It’s not us, it’s you – one of the things the Scottish independence referendum conclusively proved is that, when offered a real choice, people will engage with politics. For years politicians bemoaned voter apathy in a way that clearly implied it was the voter at fault – in recent years they are beginning to understand that they’ve become detached from the electorate, not the other way round.
For my own part, as a former Liberal Democrat staffer, member, and voter, I can’t see a way forward for party politics. Society has changed so much around the whole system that, rather like public phone boxes in the age of the mobile phone, party politics is becoming obsolete.
The information revolution has made us more opportunistic, less tribal, more informed but increasingly transitory in our interests, and dare I say it we are ever more intrinsically self-centered than we ever were.
The likes of Peter Mandelson used to highly controversially commoditise parties and talk about “products” with features and benefits. It isn’t controversial any more – voters are more and more treating politics like, yes, mobile phones. If a party doesn’t have the features I want, if it won’t benefit me immediately and clearly, I’m not getting it.
I don’t believe our national body politic will be truly healed now until party politics has been dismantled. I would love to see fixed term parliaments of two to three years predominantly formed of Independents who group around issues, mixed with a healthy diet of referenda.
We are reaching a point over the next two decades where we fundamentally don’t need or want political parties any more. The way political parties communicate with voters is a disaster. Too many politicians, particularly on a national level, have been conditioned to behave in extremely bizarre ways. If someone spoke to you in the street the way politicians speak to interviewers in the media you’d back away from them muttering that you don’t have any change on you, sorry. Political parties are well on the way to being an obsolete technology.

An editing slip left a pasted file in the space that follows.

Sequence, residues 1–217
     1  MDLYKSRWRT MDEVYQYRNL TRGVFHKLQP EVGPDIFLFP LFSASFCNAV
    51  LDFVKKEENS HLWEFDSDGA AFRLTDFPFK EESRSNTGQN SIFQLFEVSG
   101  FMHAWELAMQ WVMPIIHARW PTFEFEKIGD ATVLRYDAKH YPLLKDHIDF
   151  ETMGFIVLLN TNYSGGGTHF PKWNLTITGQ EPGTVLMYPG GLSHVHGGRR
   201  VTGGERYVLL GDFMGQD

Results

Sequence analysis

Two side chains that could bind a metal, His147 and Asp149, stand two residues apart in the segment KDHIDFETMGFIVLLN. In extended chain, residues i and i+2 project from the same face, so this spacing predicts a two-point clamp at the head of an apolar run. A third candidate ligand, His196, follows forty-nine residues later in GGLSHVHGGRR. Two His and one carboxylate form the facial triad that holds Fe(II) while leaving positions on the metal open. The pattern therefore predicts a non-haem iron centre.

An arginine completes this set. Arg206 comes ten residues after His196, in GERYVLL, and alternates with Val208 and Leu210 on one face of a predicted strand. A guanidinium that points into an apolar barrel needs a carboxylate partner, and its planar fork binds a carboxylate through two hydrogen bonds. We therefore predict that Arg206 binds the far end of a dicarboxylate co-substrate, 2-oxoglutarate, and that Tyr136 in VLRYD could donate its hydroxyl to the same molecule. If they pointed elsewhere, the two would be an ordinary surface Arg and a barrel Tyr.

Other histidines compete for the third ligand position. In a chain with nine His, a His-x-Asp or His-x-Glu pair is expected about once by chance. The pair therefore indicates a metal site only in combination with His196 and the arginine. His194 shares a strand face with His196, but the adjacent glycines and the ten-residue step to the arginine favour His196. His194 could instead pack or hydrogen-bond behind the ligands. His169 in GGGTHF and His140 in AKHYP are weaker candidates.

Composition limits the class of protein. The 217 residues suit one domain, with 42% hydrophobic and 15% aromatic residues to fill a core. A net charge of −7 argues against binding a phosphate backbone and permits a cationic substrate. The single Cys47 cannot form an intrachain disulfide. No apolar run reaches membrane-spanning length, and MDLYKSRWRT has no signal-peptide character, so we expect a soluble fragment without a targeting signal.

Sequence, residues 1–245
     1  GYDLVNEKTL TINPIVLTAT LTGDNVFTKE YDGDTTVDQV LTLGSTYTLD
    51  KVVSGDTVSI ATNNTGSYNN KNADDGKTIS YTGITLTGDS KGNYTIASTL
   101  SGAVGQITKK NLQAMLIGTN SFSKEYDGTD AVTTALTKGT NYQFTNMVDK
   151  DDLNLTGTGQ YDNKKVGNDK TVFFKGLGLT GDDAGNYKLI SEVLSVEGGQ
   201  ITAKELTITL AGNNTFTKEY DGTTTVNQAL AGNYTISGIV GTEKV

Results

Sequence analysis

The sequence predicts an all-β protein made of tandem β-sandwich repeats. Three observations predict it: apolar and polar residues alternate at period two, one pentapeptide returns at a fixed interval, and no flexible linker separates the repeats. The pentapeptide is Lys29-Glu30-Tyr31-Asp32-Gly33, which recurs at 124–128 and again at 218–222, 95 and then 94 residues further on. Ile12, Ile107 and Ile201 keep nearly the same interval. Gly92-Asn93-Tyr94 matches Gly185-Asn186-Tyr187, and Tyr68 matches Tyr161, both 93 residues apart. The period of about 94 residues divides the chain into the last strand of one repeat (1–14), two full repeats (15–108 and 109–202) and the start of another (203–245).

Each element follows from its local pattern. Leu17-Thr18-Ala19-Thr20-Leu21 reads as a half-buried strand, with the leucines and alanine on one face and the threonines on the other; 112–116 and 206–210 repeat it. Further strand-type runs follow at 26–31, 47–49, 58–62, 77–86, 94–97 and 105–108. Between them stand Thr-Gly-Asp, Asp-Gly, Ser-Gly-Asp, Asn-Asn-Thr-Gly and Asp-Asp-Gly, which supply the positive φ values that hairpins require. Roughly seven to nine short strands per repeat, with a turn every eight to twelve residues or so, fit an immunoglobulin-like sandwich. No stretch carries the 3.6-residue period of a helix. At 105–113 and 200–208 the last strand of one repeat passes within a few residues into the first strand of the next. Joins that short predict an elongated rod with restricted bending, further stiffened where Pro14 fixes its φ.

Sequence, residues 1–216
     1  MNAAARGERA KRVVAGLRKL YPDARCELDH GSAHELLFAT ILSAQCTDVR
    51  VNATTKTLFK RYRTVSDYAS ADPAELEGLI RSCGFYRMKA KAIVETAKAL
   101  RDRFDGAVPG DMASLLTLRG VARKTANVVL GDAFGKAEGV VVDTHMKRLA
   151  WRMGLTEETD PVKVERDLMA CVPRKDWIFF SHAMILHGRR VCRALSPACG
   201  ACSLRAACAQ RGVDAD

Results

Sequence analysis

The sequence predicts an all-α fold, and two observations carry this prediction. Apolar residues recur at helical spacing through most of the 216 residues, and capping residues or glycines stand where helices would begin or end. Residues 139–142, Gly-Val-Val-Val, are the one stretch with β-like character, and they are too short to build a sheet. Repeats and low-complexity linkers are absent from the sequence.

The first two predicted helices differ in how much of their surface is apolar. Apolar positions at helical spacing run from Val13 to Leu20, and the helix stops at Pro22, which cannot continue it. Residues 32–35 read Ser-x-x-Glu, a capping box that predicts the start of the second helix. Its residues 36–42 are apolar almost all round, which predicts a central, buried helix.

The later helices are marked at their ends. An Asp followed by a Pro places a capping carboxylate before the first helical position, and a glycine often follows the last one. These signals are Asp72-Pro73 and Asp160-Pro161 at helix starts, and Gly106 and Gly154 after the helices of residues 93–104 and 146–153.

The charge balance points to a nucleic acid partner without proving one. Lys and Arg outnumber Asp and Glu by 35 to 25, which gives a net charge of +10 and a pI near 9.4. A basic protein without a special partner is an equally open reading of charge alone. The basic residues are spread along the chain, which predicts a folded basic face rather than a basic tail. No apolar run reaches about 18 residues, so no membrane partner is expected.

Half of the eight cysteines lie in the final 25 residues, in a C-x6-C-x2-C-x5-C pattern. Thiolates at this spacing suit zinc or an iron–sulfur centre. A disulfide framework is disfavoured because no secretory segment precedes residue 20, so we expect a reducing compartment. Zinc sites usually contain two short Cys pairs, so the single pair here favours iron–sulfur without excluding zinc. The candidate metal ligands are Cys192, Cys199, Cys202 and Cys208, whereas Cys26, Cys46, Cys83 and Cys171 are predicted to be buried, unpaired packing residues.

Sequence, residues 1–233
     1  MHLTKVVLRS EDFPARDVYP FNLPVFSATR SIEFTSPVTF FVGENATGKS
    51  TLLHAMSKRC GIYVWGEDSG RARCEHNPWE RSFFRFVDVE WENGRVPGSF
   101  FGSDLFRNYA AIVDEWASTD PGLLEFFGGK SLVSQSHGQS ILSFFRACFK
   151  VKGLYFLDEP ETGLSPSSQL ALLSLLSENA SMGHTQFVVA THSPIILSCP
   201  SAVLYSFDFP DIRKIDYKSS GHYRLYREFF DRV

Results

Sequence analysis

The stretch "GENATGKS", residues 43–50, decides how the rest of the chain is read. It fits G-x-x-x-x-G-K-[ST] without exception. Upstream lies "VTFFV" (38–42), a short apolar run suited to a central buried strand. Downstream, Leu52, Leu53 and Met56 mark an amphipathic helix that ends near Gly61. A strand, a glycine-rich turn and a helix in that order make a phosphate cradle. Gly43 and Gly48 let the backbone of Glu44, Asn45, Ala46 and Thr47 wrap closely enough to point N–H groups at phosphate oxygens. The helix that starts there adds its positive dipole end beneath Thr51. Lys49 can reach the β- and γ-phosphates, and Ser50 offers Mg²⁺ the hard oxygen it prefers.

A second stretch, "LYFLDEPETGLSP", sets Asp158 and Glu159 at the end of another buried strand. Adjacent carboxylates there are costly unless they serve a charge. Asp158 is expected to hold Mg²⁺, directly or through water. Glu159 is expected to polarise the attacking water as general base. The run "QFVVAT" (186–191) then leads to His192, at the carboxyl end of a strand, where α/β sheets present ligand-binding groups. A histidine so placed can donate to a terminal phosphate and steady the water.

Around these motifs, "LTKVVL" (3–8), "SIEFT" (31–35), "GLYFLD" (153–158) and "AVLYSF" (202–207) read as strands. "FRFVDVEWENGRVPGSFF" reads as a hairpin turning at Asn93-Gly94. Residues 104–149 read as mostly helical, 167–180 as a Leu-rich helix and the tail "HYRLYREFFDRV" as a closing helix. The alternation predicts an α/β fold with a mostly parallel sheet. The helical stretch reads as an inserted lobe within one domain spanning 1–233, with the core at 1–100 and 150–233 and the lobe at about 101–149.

A Parliament of Independents will likely never happen in my lifetime, despite the excellent efforts of the likes of the Independent Network. We still like to move in herds, comforted that our behaviour is not too distant from that our of peers. We still like to affiliate to a brand – so the herd of voters will continue to split.
One, ever decreasing, group in the herd will continue to align to parties on polling day depending on who they feel closest to at the time. This will make the results of elections increasingly difficult to predict, and may see a gradual fragmentation of parliament into smaller groups of many parties making coalition a permanent state of affairs.
The other group in the herd will comfortably stay away from the polls, confident that their peers are doing the same, giving them validation for their actions.
How many of those voters are truly apathetic is difficult to know. How many care deeply about our nation, but simply don’t see an option on the ballot paper relevant to them? How many in England and Wales wish for the sort of moment Scotland has just experienced where they can actually go out and demonstrate that they will engage when given a real choice?
I don’t know. I don’t think anyone knows. Perhaps this should be liberating, but right now I’m unsettled by the fact that I have absolutely no idea who I will vote for in May 2015.
We are living in a political vacuum – and history shows us how dangerous that can be. Our celebrity obsessed culture loves a big personality. The broken party political model can be – temporarily – propped up by celebrity leaders. Boris Johnson as PM at some point seems an inevitability. But who comes after him? How do we restore a system where good people, civic minded, lead our country? And how do we give those who currently don’t speak about these worries a voice?
I have far more questions than answers – the only thing I know for sure is that the option I’m looking for almost certainly doesn’t come in yellow, blue, red, green, or purple.